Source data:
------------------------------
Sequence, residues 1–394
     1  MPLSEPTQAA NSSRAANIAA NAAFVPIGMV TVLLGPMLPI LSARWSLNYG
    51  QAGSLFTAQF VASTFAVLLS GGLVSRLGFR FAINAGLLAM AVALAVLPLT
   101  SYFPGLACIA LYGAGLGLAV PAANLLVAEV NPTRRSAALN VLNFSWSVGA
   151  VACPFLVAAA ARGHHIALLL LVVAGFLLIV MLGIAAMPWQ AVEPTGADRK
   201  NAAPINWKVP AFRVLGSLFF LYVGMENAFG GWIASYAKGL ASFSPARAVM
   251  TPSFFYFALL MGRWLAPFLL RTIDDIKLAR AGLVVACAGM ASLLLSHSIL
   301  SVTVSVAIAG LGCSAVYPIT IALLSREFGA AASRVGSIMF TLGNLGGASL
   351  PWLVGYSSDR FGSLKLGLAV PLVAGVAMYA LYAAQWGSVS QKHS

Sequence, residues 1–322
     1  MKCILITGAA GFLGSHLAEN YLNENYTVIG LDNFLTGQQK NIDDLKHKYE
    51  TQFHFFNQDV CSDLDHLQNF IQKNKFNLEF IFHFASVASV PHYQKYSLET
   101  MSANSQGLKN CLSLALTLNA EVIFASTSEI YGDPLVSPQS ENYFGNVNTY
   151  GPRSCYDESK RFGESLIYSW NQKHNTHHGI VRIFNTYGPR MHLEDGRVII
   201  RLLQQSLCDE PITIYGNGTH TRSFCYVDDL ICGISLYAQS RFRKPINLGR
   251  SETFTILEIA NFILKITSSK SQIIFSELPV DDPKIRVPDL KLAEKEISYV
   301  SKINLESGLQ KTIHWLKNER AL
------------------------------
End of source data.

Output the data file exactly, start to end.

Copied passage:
Sequence, residues 1–394
     1  MPLSEPTQAA NSSRAANIAA NAAFVPIGMV TVLLGPMLPI LSARWSLNYG
    51  QAGSLFTAQF VASTFAVLLS GGLVSRLGFR FAINAGLLAM AVALAVLPLT
   101  SYFPGLACIA LYGAGLGLAV PAANLLVAEV NPTRRSAALN VLNFSWSVGA
   151  VACPFLVAAA ARGHHIALLL LVVAGFLLIV MLGIAAMPWQ AVEPTGADRK
   201  NAAPINWKVP AFRVLGSLFF LYVGMENAFG GWIASYAKGL ASFSPARAVM
   251  TPSFFYFALL MGRWLAPFLL RTIDDIKLAR AGLVVACAGM ASLLLSHSIL
   301  SVTVSVAIAG LGCSAVYPIT IALLSREFGA AASRVGSIMF TLGNLGGASL
   351  PWLVGYSSDR FGSLKLGLAV PLVAGVAMYA LYAAQWGSVS QKHS

Sequence, residues 1–322
     1  MKCILITGAA GFLGSHLAEN YLNENYTVIG LDNFLTGQQK NIDDLKHKYE
    51  TQFHFFNQDV CSDLDHLQNF IQKNKFNLEF IFHFASVASV PHYQKYSLET
   101  MSANSQGLKN CLSLALTLNA EVIFASTSEI YGDPLVSPQS ENYFGNVNTY
   151  GPRSCYDESK RFGESLIYSW NQKHNTHHGI VRIFNTYGPR MHLEDGRVII
   201  RLLQQSLCDE PITIYGNGTH TRSFCYVDDL ICGISLYAQS RFRKPINLGR
   251  SETFTILEIA NFILKITSSK SQIIFSELPV DDPKIRVPDL KLAEKEISYV
   301  SKINLESGLQ KTIHWLKNER AL